Rotavirus – what’s the big deal?

Spring is certainly in the air and while the typical winter dryness starts to disappear along with the onset of much anticipated rainfall, there are certainly some infectious viruses that parents need to parents need to be aware of in the coming weeks and months.

Rotavirus is one such infection and while the virus is often self-limiting with most children recovering without complication, babies and very young children are susceptible to the dehydration caused by often severe diarrhoea and/or vomiting.

This article has been adapted from http://www.m.webmd.com/children/tc/rotavirus-topic-overview

What is rotavirus, and what causes it?

Rotavirus is a virus that infects the intestinal tract of almost all young children by age 5. Children can get rotavirus more than once, but the first infection is usually the worst. This infection causes stomach upset and diarrhea.

Babies and very young children who have rotavirus infections need to be watched closely, because they can become dehydrated very quickly. When your child becomes dehydrated, severe health problems can arise.

Rotavirus infections spread easily with outbreaks usually occuring in the winter and early spring. Infections often spread in settings where many children are together, such as day care centers and the virus spreads through contact with the stool from an infected child. Even when people try very hard to keep places clean, the virus can spread easily; for example, when a caregiver changes the messy diaper of a child who has rotavirus infection, germs can get on the changing table, the caregiver’s hands, or the hands of the already-infected child. The rotavirus germs can then spread to other children from the caregiver’s or child’s unwashed hands. It may only be a few steps to the sink, but the germs may get on surfaces that the caregiver or child touches along the way such as toys, doorknobs, or sink surfaces. The germs can live for days on objects and surfaces if they are not disinfected right away.

Other children who get the rotavirus germs on their hands can get the infection when they put their hands in their mouths. They can also get infected with rotavirus by chewing on a toy that has the germs on it.

What are the symptoms?

It takes about 1 to 3 days for a child who is exposed to the virus to start having symptoms. Like most viral infections, this incubation period is also the reason the virus is able to spread, as precautions may not be taken to prevent spread when signs of illness are not apparent.

Vomiting is often the first symptom. Usually, a fever and diarrhea follow. Most children with rotavirus have very watery diarrhea that seems like a large amount for a baby or small child. The most severe diarrhea lasts 4 to 8 days. But episodes of diarrhea can last long after your child starts feeling better. In some children, diarrhea can last for a few weeks.

Diarrhea, especially when it occurs along with vomiting, can quickly lead to dehydration in babies and young children who have rotavirus.

For this reason, it is important to keep feeding your child and to watch him or her closely for signs of dehydration.

How is rotavirus diagnosed?

Your doctor will probably diagnose your child with rotavirus infection based on his or her symptoms. The time of year also is an important clue. If your child has diarrhea and other symptoms during the winter or early spring (about September through to February), your doctor will often suspect rotavirus as the cause.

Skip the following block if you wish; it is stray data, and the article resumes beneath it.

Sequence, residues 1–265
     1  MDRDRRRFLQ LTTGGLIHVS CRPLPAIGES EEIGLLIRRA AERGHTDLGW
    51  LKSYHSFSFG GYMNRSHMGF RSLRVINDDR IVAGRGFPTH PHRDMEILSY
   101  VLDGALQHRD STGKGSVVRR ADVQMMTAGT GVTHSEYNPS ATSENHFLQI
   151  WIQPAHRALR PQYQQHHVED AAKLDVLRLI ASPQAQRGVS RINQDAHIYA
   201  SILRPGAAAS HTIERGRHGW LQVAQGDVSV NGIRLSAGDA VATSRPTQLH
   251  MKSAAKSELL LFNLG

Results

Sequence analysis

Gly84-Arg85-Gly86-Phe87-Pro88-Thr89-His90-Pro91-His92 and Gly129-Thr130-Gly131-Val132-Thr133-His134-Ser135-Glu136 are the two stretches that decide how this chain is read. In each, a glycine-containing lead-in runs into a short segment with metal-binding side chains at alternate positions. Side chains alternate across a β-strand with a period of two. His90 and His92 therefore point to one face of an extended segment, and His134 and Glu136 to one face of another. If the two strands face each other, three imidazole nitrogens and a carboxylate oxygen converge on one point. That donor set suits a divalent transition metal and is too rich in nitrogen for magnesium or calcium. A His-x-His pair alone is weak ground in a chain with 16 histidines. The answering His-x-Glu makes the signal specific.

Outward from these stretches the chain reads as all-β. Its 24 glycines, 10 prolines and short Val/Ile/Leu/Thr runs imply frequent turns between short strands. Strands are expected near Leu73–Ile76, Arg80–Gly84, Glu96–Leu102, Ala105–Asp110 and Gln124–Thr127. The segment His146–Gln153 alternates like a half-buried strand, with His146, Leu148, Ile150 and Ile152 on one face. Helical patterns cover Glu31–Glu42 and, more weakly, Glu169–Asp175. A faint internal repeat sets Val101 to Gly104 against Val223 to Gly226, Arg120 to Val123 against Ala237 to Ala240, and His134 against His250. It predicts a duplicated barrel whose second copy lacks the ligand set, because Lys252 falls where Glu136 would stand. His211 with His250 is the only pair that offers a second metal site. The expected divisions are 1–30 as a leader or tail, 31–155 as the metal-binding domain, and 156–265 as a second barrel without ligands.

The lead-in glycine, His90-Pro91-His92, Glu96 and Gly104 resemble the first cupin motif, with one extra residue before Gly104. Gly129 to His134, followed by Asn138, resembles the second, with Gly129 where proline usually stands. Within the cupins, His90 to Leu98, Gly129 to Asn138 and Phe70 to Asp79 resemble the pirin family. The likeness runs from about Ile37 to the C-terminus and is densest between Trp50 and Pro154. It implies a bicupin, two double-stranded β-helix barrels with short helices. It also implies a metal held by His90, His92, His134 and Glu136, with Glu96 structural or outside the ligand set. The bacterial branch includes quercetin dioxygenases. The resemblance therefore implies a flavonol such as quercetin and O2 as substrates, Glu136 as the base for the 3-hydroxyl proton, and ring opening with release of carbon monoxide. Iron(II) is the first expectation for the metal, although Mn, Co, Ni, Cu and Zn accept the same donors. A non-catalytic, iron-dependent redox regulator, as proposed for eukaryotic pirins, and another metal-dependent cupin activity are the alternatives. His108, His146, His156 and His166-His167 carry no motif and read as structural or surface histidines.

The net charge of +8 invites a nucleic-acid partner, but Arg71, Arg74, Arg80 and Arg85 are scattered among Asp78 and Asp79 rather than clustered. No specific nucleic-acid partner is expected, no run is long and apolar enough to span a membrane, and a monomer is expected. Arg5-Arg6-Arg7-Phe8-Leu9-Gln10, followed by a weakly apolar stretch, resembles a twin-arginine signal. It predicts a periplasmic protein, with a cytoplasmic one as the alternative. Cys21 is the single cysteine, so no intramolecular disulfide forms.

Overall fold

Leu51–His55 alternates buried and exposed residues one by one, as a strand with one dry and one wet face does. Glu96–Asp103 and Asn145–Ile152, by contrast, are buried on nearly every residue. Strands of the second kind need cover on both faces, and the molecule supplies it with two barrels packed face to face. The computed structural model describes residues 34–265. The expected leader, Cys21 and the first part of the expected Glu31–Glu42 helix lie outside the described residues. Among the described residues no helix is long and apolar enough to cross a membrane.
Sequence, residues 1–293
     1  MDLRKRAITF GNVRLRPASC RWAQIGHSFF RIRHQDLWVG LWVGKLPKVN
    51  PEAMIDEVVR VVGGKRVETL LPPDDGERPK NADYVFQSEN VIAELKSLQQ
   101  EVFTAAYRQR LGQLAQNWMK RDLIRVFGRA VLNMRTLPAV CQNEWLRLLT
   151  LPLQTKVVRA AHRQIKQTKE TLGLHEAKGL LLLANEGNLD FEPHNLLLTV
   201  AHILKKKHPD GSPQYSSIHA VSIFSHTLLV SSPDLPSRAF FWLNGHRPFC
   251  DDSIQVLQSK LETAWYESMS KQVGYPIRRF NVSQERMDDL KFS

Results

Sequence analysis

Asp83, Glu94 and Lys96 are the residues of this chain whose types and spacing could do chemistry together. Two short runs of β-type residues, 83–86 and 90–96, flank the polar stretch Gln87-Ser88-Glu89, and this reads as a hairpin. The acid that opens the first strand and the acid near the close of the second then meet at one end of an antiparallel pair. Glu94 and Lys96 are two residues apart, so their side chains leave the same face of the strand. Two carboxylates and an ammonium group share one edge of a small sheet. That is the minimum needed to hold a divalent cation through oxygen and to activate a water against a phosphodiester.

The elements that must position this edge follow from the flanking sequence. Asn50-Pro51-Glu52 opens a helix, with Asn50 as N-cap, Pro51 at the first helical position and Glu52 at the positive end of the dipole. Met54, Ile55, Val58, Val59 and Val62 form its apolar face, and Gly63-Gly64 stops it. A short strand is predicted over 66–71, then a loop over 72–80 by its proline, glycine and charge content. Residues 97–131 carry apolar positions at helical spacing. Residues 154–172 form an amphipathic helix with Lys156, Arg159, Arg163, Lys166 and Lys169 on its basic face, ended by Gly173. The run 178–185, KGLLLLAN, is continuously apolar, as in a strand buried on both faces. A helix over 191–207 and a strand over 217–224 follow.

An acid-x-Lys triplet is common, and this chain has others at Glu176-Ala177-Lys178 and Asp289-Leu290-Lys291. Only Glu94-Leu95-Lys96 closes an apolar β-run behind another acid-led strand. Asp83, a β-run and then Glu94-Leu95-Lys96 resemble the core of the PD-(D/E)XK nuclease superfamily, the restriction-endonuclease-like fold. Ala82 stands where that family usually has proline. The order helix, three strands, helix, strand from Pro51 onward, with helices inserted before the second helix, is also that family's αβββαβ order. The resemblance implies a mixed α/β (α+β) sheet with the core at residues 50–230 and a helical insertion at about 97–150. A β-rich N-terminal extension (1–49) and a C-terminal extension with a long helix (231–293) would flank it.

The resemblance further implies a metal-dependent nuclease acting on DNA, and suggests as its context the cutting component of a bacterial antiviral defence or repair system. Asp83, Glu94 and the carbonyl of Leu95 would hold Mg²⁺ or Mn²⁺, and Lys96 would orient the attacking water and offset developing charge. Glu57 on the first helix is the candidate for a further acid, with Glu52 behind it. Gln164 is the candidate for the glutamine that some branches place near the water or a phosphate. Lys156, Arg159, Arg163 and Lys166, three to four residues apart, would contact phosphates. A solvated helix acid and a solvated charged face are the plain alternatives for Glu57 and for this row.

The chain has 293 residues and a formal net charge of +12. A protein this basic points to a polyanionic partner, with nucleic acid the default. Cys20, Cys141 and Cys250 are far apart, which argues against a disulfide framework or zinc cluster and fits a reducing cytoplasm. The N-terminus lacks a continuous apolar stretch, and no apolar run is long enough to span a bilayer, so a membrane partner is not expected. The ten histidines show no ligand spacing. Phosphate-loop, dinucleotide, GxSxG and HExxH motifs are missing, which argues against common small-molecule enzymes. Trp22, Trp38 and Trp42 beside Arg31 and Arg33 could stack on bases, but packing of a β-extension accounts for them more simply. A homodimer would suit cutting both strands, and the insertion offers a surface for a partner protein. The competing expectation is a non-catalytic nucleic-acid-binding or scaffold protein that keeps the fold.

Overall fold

A test of stool can be done to confirm a diagnosis. This kind of test is not needed unless your child has other health conditions that make it important to know the exact cause of symptoms.

How is it treated?

It is most important to help keep your child comfortable and prevent dehydration.

Hold your child as much as he or she wants. Keep your child in comfortable clothes, and change his or her diaper or underpants as needed. Your child may get a diaper rash. To treat diaper rash, you may need to use warm washcloths to wipe your child’s bottom and creams to help prevent soreness. In some cases, you may want to hold your baby and rinse his or her bottom in running bath water to clean the area well.

Don’t give your child any over-the-counter medicines unless you’ve checked with the doctor first.

Your doctor may recommend a rehydration drink such. This may be especially helpful if your child’s diarrhea lasts longer than a few days. Rehydration drinks help replace fluids and electrolytes. Plain water doesn’t provide necessary nutrients or electrolytes and may not be absorbed when your child has diarrhea.

Do not give your baby or young child rehydration drinks for adults or sports drinks, such as Gatorade. These drinks do not have the proper balance of nutrients and electrolytes for small children.

Your doctor may suggest probiotics for your child. They are bacteria that help keep the natural balance of organisms (microflora) in the intestines. A baby or young child needs to be treated in a hospital if dehydration becomes severe. Visit your doctor immediately if your baby has signs of severe dehydration, which include:

  • Being very sleepy and hard to wake up.
  • A very dry mouth and very dry eyes.
  • Being limp and floppy like a rag doll.
  • No wet diapers (a dry diaper) for 12 or more hours.
Can you prevent your child from getting rotavirus?

It is hard to prevent your child from getting this infection. Studies show that breast-feeding may help prevent rotavirus or reduce its severity.

Rotavirus vaccine helps protect against rotavirus disease. Depending on which brand of vaccine is used, infants need 2 or 3 doses starting at 2 months of age.

To help prevent the spread of rotavirus, wash your hands thoroughly and often.

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